But, how does he get through the days? Well, we had to move him to a secular school. For reasons we do not begin to fathom, the Christian school we enrolled him in allowed his bare feet for one school year, and then harshly punished him in the final week of school. No amount of explaining his personal faith or health has resolved the matter, so we have sought refuge in "the world" that Christians speak so harshly against. It saddens us to do this, because a Christian education is important to us, but we also have experienced the kind of rejection and intolerance that many people must be complaining about when the gripe and moan about how Christians are about as far from loving as a person can imagine. His new school accepts him just as he is. Mike works in special shoes that lessen the damage to his back. He has not held a job long enough to bring up his need to not wear anything, not without risking his job. He works limited hours so as to minimize the damage, and when he's been on the job long enough, he will discuss with his boss the options. In his desire to balance his right to his medical and religious choices with his employer's need to present the right outward appearance to customers, he plans to wear black socks with grippy tread on the bottoms.
How does he go out in public? Quite simply, he walks like the rest of us! He's been thrown out of a few places by managers who incorrectly assume that they're enforcing a law that has to exist somewhere. In reality, there is no law against bare feet, nor any corporate policy at any store we've ever been to. We've had to contact the corporate offices of the grocery stores in our area, to have them resolve the problem. Usually it only takes one call to resolve things. The Kroger-owned store nearest our home had a communication problem, and Mike was thrown out three times by the same "greeter" before the problem got resolved. We simply stopped shopping at Walmart, because corporate refused to help us, and one of their managers tried to punch me for asking, when he said that Walmart has a written shoes-required policy, where this policy is. After the first three months, however, we've encountered no problems. Today Mike went to the pet store, the electronics store, and a fairly pricey sit-down restaurant, completely in peace, and pain-free.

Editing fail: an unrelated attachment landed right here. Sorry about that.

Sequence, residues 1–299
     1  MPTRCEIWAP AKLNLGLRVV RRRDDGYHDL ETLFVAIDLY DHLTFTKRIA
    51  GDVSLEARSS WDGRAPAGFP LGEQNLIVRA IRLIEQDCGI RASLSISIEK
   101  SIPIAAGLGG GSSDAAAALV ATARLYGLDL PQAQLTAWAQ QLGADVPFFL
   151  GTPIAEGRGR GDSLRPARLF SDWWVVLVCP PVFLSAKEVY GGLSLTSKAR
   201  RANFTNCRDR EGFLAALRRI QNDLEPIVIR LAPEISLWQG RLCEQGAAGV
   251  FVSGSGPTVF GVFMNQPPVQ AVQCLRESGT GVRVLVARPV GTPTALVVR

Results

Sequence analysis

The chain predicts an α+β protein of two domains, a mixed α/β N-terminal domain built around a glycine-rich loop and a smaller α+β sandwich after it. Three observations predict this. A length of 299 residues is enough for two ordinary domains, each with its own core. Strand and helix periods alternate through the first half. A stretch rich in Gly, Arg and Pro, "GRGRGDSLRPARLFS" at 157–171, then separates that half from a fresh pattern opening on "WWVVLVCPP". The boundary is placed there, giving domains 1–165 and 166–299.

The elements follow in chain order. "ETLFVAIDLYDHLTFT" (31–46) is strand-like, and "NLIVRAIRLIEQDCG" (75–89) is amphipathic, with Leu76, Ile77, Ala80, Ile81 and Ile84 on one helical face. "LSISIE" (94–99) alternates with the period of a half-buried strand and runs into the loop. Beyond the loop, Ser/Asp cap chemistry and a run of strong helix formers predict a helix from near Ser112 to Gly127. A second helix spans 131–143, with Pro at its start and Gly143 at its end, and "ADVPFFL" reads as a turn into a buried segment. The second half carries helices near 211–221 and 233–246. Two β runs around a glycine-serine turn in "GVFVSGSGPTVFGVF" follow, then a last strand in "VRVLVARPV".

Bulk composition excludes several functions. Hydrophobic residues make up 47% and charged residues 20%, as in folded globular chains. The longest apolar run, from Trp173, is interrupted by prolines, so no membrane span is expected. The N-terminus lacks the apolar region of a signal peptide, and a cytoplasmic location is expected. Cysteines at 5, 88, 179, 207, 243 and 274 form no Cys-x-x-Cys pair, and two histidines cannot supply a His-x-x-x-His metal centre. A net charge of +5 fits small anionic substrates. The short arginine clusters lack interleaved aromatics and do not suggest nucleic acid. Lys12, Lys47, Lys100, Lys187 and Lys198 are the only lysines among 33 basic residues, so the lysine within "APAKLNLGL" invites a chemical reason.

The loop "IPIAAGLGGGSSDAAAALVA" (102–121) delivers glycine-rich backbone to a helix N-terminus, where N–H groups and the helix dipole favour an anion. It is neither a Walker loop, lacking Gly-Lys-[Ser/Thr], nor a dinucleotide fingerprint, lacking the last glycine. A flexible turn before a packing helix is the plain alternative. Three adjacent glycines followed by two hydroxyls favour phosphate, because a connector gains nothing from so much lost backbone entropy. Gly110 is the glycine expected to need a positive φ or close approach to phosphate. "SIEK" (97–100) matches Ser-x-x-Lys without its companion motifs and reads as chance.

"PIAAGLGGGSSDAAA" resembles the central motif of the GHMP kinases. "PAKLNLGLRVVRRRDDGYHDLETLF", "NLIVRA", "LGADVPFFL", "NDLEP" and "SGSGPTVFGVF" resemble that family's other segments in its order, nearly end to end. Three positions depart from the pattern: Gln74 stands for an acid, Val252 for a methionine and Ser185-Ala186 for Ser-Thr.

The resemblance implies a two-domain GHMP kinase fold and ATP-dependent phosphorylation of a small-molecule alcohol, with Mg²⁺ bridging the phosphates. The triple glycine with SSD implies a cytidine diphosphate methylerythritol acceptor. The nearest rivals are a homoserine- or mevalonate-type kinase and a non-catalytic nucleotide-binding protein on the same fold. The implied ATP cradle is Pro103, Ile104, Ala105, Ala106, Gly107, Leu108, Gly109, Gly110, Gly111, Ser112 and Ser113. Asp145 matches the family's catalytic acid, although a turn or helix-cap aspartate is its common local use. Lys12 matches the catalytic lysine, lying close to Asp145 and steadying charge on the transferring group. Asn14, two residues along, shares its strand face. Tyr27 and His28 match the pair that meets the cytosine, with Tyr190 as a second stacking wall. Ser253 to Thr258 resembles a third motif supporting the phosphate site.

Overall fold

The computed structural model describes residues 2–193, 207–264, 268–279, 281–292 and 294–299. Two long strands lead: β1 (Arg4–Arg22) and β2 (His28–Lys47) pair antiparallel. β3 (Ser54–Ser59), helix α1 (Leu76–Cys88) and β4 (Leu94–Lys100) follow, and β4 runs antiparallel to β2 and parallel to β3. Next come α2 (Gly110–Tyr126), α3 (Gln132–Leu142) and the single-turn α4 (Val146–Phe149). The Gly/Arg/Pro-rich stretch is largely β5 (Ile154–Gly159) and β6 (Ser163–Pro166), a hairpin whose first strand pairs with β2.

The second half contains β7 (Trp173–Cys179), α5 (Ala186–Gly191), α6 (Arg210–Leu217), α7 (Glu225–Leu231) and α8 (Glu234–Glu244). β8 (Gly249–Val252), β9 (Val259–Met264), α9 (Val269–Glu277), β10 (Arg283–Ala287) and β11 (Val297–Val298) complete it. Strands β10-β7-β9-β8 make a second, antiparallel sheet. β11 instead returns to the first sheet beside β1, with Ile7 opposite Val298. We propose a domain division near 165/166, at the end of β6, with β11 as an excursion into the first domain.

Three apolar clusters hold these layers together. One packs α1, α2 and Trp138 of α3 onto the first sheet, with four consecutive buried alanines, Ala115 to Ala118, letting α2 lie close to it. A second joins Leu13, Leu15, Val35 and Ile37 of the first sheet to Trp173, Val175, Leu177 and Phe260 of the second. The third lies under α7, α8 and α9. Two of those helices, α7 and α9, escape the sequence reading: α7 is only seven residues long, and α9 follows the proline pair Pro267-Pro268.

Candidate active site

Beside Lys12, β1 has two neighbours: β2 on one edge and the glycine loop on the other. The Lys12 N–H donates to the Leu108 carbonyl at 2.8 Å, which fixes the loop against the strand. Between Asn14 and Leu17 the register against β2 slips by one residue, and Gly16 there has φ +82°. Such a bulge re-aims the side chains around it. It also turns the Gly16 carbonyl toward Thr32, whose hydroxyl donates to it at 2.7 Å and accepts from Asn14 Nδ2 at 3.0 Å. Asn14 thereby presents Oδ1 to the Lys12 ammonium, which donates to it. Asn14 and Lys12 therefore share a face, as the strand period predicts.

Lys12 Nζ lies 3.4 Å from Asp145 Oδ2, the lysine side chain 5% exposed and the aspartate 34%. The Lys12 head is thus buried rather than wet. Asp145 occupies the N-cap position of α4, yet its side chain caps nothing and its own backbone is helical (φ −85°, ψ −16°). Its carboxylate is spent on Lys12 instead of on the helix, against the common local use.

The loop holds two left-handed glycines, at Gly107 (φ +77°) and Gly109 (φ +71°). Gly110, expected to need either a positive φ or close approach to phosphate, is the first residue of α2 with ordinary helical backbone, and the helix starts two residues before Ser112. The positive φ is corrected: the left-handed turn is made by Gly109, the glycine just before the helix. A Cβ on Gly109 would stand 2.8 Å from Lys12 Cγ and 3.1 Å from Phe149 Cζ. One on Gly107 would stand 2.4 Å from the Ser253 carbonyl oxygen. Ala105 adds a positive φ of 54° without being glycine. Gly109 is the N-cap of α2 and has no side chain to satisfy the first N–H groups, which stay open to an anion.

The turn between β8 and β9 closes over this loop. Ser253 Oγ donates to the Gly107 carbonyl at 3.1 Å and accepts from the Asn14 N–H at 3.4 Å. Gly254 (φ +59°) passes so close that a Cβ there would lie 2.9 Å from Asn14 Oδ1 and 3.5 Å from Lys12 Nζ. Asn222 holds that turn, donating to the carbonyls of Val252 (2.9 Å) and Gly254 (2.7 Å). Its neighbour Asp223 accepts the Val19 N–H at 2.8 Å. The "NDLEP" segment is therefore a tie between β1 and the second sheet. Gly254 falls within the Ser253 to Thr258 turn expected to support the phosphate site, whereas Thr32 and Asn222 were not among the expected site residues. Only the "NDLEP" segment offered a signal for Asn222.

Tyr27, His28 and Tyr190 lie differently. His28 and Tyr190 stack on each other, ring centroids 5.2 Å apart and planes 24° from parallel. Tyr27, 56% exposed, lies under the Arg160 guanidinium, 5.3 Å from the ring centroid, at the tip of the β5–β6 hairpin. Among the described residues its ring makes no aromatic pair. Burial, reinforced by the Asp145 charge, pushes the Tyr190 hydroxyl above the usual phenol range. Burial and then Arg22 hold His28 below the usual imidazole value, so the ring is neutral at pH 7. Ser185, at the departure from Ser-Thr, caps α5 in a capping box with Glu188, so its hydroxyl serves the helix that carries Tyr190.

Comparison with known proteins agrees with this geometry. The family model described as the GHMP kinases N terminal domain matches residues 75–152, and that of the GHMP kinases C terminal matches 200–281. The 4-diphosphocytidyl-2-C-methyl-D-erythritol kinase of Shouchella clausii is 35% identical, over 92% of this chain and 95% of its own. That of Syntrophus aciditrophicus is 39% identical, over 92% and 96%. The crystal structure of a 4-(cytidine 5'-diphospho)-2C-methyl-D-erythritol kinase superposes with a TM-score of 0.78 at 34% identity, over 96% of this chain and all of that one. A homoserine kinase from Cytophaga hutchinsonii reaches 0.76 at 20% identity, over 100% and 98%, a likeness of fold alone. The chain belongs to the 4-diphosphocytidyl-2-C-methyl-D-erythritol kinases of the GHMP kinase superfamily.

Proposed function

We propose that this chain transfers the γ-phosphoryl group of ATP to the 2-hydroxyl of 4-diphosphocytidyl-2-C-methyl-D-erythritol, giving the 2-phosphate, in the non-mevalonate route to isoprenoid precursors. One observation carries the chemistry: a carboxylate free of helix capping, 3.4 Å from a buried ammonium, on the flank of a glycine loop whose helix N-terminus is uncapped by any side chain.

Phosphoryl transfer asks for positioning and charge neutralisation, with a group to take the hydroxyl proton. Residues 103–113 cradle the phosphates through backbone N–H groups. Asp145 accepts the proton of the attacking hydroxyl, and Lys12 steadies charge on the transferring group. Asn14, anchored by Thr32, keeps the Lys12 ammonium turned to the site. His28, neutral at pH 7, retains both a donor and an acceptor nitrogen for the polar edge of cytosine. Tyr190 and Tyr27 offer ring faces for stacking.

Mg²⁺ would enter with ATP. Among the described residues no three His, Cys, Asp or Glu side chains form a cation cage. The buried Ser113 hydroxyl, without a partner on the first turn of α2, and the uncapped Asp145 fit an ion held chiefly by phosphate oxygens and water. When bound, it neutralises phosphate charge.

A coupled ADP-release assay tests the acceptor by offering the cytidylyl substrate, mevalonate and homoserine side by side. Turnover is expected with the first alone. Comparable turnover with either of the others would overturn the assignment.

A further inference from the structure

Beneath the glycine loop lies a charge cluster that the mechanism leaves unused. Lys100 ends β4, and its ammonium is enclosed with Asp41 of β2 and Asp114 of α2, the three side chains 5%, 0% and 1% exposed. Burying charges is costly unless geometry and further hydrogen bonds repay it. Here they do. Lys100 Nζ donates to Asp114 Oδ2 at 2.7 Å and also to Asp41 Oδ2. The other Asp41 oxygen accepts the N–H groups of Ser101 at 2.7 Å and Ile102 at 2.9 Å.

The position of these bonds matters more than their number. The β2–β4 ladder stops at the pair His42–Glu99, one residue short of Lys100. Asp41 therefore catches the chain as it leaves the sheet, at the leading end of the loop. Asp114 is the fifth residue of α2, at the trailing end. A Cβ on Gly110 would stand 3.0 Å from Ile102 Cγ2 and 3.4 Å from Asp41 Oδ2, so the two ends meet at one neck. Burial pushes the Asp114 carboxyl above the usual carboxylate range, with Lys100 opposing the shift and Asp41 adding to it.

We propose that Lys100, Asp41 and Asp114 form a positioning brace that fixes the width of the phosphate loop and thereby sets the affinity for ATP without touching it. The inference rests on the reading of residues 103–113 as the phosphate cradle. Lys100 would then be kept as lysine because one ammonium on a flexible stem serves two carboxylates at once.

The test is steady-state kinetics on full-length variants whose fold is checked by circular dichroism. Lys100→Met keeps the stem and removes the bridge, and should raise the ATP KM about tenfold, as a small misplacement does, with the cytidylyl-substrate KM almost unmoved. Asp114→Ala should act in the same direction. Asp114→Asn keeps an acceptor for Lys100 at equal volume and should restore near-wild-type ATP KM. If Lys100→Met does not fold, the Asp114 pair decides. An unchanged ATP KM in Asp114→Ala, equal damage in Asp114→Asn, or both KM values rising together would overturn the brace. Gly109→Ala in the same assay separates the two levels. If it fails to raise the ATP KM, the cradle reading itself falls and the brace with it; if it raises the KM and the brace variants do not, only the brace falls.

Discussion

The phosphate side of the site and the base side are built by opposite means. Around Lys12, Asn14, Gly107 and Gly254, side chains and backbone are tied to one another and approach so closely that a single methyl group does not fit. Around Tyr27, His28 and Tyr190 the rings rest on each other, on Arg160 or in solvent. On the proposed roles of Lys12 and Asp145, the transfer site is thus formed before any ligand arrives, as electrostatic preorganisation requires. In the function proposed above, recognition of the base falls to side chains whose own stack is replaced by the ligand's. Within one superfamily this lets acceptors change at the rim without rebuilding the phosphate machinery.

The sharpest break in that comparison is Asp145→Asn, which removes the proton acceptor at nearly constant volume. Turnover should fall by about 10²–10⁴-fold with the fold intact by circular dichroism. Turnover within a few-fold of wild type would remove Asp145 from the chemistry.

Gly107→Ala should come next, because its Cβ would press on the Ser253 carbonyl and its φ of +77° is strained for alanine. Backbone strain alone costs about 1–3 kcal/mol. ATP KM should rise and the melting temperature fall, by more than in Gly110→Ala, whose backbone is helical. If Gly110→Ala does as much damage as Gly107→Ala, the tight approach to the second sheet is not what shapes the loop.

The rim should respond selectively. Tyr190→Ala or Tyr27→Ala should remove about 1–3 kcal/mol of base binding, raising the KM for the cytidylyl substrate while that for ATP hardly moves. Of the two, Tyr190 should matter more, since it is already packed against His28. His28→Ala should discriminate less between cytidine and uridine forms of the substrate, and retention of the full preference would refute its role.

And, to answer the final question I originally posed, how can a mother support her son doing such a thing? Mike is free from pain, free from narcotic painkillers, free from the future need for risky surgery. He is growing in his faith, and opening his heart to people that most Christians would walk by, or reject outright due to their lifestyle choices. He chooses to follow his faith rather than the kind of intolerance that other members of his faith demand. He exercises his innate freedom as an American citizen to do what he believes is right for him, so long as it harms no one else. The choice to support his decision, then, is really quite simple. There's no compelling reason that I shouldn't, and there are many reasons that I should.